Last weekend, 1Hood Media, Mikael Owunna Studios, The Redd Studio and Pittsburgh Pirates teamed up to celebrate local black artists with Art as Liberation, an event held outside PNC Park.
Art as Liberation, which took place on June 18, featured a live DJ, free food, interactive workshops and musical performances, in addition to the 25 black visual artists on display. The event also served to celebrate Juneteenth, which commemorates the emancipation of enslaved African Americans in 1865. The day became a federal holiday in June 2021.
Art as Liberation showcased photographers, painters, graphic designers and others. Owunna, a local photographer and owner of Mikael Owunna Studios, wanted black artists to come together and showcase art in new and creative ways.
Owunna paints her models with fluorescent paints and uses a flash that transmits only ultraviolet light. He says that after the killing of Michael Brown and George Floyd, he “wanted to find a way to transfigure black bodies from being places of death into cosmic vessels of eternal light.”
“Art as liberation can from the mind of Mikael Owunna,” says Jasiri X, co-founder of 1Hood Media. “He really wanted to do something for Juneteenth, and we put this on
last year at the City of Asylum. Unfortunately, they don’t have an outsider
more space, so we decided to call PNC Park, and here we are ”.
Marques Redd, managing member of The Redd Studio, adds: “It is important that people come together to really think about cultural heritage, freedom and
liberation. We can do all of this while building infrastructure for black artists. ”
Each artist had something that pushed him to get to where he is. For many it was the effects of the pandemic.
“I was fired in 2020,” says Naomi Allen, a mixed media artist who specializes in 3D paintings, resin and papier mache. “I simply had no other way to make money. I had nothing else to do, so I started my artistic activity. In my first two days, I made over $ 1,000. I’ve been consistent ever since. ”
Alycia Washington claims she was fired from her job in 2016.
“It put a lot of stress on me as I tried to figure out what would happen next,” Washington says. “Since I had so much time on my hands, I started working and painting again. I realized that if I left so much happiness and joy when I made them.
Dominick Mcduffie learned about photography by visiting Pittsburgh’s Carnegie Library.
“When I went to the library, I started discovering black photographers like Tennie
Harris and Gordon Parks, “says Mcduffie.” This has allowed me to see how I can do it
the photography mat allowed me to see how I can take my photograph.
Most of Marlon Fullenwider’s portraits are made entirely of glass and are inspired by the art of mosaic, a technique that uses small pieces of material such as stone, minerals, glass, tiles or shells.
“I was introduced to the mosaic concept in high school,” says Fullenwider. “I like the reflective element that the glass had.”
Evangeline Mensah-Agyekum is an emerging photographer she is proud of
having blacks as its main subjects. “Fashion is what inspired me to become a photographer,” says Mensah-Agyekum. “However, being able to know everyone’s stories and what they’ve been through inspires me the most. Having work with us is something special for us ”.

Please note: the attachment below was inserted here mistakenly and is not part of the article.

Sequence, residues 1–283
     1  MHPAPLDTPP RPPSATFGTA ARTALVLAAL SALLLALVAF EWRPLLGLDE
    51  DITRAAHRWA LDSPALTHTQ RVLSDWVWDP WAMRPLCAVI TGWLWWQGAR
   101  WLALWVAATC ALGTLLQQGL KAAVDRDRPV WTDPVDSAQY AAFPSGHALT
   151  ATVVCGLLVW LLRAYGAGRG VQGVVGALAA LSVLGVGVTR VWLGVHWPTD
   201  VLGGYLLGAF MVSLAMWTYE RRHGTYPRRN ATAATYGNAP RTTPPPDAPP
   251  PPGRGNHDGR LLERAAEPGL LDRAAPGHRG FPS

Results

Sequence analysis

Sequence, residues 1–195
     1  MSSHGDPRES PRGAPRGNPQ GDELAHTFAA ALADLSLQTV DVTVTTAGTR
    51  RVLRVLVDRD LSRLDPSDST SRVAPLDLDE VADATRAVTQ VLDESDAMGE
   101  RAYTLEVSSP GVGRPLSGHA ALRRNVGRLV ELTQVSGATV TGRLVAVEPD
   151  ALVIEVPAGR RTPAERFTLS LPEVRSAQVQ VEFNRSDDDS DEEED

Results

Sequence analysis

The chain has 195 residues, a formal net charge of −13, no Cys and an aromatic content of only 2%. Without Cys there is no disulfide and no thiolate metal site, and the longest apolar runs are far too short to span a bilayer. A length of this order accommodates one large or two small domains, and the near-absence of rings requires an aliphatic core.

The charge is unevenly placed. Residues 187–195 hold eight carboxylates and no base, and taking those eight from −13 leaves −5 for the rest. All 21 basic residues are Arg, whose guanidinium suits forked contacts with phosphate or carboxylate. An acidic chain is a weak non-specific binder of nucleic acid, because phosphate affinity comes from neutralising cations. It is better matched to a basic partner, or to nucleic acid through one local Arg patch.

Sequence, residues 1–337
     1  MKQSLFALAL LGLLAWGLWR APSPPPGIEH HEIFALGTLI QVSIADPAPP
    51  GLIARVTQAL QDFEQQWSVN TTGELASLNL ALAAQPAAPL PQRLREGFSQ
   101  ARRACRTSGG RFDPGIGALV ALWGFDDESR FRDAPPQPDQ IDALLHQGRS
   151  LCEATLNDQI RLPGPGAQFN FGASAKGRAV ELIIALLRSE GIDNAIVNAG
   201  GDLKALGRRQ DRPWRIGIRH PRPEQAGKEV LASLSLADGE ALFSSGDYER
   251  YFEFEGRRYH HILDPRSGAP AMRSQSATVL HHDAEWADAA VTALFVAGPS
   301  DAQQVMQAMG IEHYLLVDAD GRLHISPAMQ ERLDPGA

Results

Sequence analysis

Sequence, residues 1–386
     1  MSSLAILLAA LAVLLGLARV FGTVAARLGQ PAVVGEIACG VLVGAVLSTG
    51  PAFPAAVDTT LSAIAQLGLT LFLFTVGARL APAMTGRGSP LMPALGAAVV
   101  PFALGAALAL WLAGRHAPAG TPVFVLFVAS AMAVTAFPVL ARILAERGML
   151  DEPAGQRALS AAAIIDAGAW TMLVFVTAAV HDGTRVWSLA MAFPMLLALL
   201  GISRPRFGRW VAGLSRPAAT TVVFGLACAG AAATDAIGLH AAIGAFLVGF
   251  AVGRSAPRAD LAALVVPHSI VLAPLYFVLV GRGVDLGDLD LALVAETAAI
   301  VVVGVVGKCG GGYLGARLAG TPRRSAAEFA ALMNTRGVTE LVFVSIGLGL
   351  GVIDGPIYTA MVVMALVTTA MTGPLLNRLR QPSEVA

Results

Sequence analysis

Both Patrick Everett and Sagid Saleh are influenced by anime.
“I noticed on TikTok that animated paintings were becoming popular. For all
history, there have been black samurai, black ninjas and martial artists, “he says
Everett. “Our culture has influenced and helped everywhere, and I think it’s huge.”
Everett’s portraits are made on glass because he believes they provide the
better appearance. “I love that everything is clean and that’s why I put everything on the glass,” says Everett.
Most of Saleh’s art is inspired by anime.
“I’ve watched anime all my life. I think a lot of blacks feel
alienated from society and have been neglected for so long, ”Saleh says. “We watch
for inspiration in the media. Much of Japanese art is about coming of age and who
the character is inside. Many people of color resonate with this.
Another local artist, Keisha Patterson, believes that “a lot of black artists are working in isolation,” adding, “Meeting has been really energizing. This can’t be the only time black artists come together.”
Joziah Council was one of the musical artists of the event.
“I started in church. Both of my grandparents were shepherds. Gospel music is
truly a pillar of the church, ”says the council. “I started giving my interpretation
make it mine”.
Steve Thomas and his wife Kamerrin own Caribbean VYBZ and provide it for free
“Making food is an art and a passion. If you feel great cooking
then you should try, “says Steve.” More African Americans should try to get in
business for yourself instead of making a 9 to 5. Most of us are uneducated
being entrepreneurs, so we have to educate ourselves “.
The event was also attended by Stephen Perkins, executive vice president of marketing for the Pittsburgh Pirates, who says, “Sport can bring people together. We saw this as an opportunity to bring all of our communities together to celebrate black artists. We wanted to give them the platform and exposure they deserve “.
Carey Cox is the senior director of integrated marketing for the Pittsburgh Pirates and believes the sports organization allows the community to take the lead.
“We have listening sessions with local groups. It is their city that should have a say
about what needs to be done within the city, ”Cox says.